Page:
Licensing/Activation for 3rd Party LabVIEW Add-Ons and EXEs

February 9, 2010

In the next version of LabVIEW , we will introduce a new method for licensing/product activation of third-party products (for Windows platforms). You will be able to add a layer of licensing to your add-ons and EXEs to protect your products with a similar sort of mechanism that NI uses. The licensing feature employs a commercial-grade encryption scheme and automated activation system.

How it works

There are two types of licensing that this feature will enable: development licensing and deployment licensing.

  1. Development licensing refers to protecting VIs in the LabVIEW environment. Add-on toolkit developers can use development licensing, so that licensed VIs break when a valid license doesn’t exist, thus preventing toolkit user from using an evaluation/expired version of a toolkit.
  2. Deployment licensing refers to protecting an application at run-time. With deployment licensing, you can develop turn-key, commercial software application built with LabVIEW without the need to implement your own licensing/activation scheme. Deployment licensing will be made feasible through an API, so you check license states and activate licenses through your LabVIEW programs.

Want to learn more?

If you are interested in a webinar presentation to learn more, or to discuss specific software licensing/activation use-cases that your organization faces, please contact:

Jeff Meisel

Product Partner Program Manager / LabVIEW Product Manager

(512) 683-8795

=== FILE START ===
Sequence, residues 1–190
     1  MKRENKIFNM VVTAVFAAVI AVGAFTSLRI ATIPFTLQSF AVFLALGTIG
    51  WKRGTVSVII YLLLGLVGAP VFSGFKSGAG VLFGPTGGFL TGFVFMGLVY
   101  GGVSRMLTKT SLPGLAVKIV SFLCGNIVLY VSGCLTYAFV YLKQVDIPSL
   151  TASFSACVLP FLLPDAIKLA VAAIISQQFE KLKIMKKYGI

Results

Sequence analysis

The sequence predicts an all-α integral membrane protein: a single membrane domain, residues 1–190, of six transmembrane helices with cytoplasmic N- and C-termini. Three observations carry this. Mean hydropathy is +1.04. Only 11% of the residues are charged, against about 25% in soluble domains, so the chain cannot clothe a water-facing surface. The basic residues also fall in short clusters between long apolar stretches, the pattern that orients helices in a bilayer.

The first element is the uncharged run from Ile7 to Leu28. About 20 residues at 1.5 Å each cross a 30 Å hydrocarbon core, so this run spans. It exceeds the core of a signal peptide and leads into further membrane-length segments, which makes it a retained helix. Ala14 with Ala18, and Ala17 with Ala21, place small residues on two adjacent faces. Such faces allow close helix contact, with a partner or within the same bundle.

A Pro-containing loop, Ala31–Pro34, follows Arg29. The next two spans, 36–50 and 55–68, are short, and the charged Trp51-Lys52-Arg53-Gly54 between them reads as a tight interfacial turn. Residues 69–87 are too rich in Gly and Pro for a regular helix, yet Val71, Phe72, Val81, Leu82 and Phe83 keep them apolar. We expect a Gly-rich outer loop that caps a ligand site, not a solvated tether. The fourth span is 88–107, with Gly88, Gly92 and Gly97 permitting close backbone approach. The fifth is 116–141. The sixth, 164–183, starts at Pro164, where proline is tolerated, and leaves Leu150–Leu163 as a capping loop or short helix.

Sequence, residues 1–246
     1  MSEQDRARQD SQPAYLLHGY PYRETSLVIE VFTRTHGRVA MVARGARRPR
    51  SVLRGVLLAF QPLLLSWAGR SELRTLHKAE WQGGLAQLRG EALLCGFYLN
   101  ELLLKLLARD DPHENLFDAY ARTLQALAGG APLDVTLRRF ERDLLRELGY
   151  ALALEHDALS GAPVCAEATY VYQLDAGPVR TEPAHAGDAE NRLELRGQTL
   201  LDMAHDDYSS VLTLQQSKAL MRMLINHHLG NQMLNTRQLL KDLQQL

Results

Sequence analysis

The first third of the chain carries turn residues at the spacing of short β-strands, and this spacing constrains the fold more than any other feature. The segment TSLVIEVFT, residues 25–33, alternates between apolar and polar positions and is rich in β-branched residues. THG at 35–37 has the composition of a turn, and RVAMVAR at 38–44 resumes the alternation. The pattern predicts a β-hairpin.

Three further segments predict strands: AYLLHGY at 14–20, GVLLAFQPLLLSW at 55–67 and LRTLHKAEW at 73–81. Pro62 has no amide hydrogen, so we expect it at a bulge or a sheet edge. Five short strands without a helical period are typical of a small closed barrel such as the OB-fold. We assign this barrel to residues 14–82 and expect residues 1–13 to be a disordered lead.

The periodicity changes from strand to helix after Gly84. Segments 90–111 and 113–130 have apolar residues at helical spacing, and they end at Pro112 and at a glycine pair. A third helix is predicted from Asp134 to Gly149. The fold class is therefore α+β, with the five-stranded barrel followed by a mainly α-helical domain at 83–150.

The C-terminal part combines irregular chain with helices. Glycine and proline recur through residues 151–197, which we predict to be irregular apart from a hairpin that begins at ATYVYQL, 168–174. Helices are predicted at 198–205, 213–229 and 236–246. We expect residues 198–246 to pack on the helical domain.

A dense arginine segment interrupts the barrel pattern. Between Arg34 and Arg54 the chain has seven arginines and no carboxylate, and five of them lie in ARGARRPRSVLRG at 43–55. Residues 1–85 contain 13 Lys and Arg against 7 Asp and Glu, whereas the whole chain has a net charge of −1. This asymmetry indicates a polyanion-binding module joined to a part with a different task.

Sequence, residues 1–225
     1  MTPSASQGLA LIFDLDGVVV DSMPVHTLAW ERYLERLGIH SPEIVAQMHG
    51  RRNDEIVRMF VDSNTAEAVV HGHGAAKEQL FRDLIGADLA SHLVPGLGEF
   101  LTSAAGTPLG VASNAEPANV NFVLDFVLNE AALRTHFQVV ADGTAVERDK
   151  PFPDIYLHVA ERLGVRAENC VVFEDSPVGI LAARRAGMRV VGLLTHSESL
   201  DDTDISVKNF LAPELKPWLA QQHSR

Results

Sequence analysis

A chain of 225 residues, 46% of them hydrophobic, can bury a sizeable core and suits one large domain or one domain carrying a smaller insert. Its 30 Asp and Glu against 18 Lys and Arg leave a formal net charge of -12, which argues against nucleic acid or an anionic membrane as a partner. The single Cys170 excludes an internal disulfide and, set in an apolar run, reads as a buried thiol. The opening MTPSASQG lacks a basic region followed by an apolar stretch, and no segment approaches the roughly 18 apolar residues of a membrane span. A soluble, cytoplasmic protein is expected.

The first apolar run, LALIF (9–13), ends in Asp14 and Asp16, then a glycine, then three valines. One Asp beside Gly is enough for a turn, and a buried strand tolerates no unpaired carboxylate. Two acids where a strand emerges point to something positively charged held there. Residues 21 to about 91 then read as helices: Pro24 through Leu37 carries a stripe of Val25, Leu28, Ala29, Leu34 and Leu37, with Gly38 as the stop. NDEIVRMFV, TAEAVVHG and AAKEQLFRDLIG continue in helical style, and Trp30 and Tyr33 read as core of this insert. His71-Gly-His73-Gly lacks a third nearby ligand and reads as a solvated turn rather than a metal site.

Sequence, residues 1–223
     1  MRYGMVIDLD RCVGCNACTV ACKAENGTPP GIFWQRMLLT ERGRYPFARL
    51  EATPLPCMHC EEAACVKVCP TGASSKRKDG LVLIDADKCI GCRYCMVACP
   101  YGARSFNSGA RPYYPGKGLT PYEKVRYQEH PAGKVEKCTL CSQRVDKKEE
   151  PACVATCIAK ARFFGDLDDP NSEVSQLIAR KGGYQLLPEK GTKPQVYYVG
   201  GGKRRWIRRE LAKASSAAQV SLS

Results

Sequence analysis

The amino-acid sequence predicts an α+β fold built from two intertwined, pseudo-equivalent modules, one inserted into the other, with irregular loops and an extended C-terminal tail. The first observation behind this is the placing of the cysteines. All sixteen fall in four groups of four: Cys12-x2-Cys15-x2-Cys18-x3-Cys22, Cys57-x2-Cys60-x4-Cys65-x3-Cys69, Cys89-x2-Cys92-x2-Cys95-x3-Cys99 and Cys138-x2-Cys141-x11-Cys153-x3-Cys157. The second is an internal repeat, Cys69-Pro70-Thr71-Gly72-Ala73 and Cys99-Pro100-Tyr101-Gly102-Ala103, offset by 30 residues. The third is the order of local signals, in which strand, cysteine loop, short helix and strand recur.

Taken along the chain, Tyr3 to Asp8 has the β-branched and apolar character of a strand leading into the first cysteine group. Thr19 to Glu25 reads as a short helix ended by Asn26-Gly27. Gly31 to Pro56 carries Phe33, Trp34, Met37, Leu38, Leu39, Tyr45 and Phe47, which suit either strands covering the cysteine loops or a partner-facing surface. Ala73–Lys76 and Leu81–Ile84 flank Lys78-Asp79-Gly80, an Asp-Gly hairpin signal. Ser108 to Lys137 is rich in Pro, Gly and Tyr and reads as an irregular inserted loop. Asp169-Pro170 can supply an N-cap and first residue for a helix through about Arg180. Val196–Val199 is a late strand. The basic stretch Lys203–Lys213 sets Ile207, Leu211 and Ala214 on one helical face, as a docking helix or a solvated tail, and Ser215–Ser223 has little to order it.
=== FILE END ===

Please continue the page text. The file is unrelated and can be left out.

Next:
Reasons for Change Management

February 2, 2010

During an presentation about Project Management Practices that I recently gave at the UK Alliance Day, we were discussing the reasons for a good change management process. Some of these, I’ve mentioned in a previous post:

  1. Accurate reflect that there has been a change to the contracturally agreed on specifications/requirements. I think this is the best ‘excuse’ to ‘enforce’ this process with the customer.
  2. Recognition/approval to potential impact on timing and budget. Your developers should be made (painfully) aware that agreeing to changes, cost money. Regardless of whether they can be accomodated (in the timing allowed), you are adding value – and that should be captured and recognized.
  3. Sets precedence for further changes – If you ‘blindly’ accept changes, then it is harder to get it stopped once it gets going. The customer is apt to say, ‘Well, you made these other changes (which may have been bigger). Why not this little one more?”


I also advocate that Customer Change Notifications/Approvals. Even if you don’t intend to charge the customer, the change should be documented, the cost of that change estimated and included on that notification, as well as a separate spot to indicate charge to the customer (even if it is zero).

A couple other reasons

I got feedback from the audience that there are a couple other reasons to follow this process:

  1. Change may just not be worth it – By formalizing the process, you give the customer (and/or your developer) to determine that it just isn’t worth the ‘hassle’ to make the change – including documenting it and getting the necessary approval. In that case, you’ve probably saved yourself some time and effort.
  2. You might just get paid for it. Must admit that I’d probably hadn’t given this one enough consideration. So, you may just want to present Change Notification with the charge included and only zero it out if the customer pushes back. Even then, you established that you are providing extra value to the customer.

What say you?